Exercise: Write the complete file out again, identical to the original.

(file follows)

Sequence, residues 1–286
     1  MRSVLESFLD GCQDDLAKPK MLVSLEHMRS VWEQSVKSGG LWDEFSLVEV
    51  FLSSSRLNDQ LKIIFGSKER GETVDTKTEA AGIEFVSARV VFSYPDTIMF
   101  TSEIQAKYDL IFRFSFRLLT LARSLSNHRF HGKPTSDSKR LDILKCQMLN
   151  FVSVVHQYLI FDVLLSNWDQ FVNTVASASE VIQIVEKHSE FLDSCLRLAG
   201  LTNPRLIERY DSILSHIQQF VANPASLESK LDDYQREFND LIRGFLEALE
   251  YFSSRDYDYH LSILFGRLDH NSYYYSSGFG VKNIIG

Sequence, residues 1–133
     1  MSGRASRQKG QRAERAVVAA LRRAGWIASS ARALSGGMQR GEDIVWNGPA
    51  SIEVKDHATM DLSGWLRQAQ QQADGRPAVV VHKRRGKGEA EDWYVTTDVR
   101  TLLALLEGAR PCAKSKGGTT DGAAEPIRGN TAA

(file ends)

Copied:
Sequence, residues 1–286
     1  MRSVLESFLD GCQDDLAKPK MLVSLEHMRS VWEQSVKSGG LWDEFSLVEV
    51  FLSSSRLNDQ LKIIFGSKER GETVDTKTEA AGIEFVSARV VFSYPDTIMF
   101  TSEIQAKYDL IFRFSFRLLT LARSLSNHRF HGKPTSDSKR LDILKCQMLN
   151  FVSVVHQYLI FDVLLSNWDQ FVNTVASASE VIQIVEKHSE FLDSCLRLAG
   201  LTNPRLIERY DSILSHIQQF VANPASLESK LDDYQREFND LIRGFLEALE
   251  YFSSRDYDYH LSILFGRLDH NSYYYSSGFG VKNIIG

Sequence, residues 1–133
     1  MSGRASRQKG QRAERAVVAA LRRAGWIASS ARALSGGMQR GEDIVWNGPA
    51  SIEVKDHATM DLSGWLRQAQ QQADGRPAVV VHKRRGKGEA EDWYVTTDVR
   101  TLLALLEGAR PCAKSKGGTT DGAAEPIRGN TAA